So far, so good, but this morning Liam Quin mentioned casually that I might want to consider changing the colors, since the red and green backgrounds would be indistinguishable for some readers. He was right, of course, and the original color scheme was really just a sort of quick and dirty proof of concept, not intended for final use.
“Boy, do you sound defensive. Thought you could get away with it, huh?” asked Enrique. “Oh, hush. Like you never take shortcuts with things.”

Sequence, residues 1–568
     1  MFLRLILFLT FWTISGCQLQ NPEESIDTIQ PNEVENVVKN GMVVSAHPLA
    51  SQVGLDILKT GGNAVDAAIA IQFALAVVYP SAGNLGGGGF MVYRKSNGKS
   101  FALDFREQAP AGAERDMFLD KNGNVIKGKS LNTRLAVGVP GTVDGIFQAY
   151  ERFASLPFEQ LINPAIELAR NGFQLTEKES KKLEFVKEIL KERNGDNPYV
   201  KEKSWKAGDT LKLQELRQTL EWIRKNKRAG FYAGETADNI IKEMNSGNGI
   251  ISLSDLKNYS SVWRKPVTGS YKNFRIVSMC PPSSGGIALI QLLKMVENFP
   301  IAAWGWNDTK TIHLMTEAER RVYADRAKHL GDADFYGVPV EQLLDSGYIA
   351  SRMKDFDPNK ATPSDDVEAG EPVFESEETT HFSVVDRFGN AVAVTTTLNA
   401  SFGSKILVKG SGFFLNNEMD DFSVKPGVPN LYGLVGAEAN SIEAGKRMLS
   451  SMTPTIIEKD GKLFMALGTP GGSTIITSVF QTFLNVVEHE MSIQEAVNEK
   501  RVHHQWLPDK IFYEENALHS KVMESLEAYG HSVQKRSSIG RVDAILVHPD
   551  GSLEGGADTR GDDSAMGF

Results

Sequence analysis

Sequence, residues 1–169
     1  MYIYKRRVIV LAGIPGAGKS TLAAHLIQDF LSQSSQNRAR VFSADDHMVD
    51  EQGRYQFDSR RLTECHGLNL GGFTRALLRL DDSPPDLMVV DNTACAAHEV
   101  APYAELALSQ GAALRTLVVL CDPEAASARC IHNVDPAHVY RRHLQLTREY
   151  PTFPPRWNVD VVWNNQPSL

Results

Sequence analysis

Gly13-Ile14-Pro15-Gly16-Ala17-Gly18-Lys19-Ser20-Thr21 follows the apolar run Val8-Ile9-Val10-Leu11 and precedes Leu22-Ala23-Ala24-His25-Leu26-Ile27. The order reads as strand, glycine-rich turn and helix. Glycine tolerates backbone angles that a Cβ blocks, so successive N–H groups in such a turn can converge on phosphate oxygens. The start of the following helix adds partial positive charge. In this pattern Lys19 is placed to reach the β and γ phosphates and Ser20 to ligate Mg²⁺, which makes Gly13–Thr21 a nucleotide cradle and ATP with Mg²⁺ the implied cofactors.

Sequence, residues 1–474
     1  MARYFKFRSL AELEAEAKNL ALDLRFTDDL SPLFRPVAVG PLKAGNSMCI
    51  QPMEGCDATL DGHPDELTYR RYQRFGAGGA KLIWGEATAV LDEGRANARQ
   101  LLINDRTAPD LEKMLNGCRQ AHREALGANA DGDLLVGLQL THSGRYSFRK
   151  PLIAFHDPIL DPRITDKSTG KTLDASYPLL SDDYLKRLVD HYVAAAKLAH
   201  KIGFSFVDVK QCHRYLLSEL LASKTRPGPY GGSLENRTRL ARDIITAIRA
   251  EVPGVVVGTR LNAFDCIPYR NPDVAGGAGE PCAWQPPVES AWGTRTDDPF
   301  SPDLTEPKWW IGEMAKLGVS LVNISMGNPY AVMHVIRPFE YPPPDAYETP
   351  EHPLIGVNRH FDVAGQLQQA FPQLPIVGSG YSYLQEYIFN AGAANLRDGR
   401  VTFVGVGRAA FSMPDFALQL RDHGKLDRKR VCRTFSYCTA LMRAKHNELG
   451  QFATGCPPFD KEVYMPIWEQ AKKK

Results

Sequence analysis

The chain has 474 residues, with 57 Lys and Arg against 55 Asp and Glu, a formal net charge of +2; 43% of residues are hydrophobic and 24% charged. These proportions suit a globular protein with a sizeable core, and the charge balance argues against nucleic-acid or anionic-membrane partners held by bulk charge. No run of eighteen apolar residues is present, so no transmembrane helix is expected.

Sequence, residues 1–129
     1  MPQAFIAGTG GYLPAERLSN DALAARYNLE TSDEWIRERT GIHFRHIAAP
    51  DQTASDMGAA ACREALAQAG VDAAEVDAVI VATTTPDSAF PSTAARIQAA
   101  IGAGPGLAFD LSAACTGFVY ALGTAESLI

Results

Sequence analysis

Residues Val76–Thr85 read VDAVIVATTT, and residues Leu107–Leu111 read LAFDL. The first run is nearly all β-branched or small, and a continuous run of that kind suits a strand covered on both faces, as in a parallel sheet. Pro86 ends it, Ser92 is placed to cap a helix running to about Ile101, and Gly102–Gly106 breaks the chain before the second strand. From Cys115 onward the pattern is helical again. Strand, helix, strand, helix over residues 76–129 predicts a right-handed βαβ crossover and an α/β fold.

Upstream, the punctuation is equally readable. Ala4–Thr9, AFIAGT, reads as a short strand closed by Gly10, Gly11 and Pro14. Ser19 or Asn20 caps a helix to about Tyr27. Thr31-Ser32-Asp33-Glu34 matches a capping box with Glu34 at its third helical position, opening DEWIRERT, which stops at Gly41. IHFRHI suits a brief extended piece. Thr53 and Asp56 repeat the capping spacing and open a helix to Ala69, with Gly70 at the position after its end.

So I tested the color scheme using the incredibly useful image analysis tool at VisCheck.com: you upload an image, and can perform simulations of deuteranopy (red/green color deficit), protanopy (a different form of red/green deficit), and tritanopy (a blue/yellow color deficit). And Liam was absolutely right: the backgrounds for valid and invalid test cases were virtually indistinguishable in the output of the first simulation.
So I set about to fix it, and I learned some things.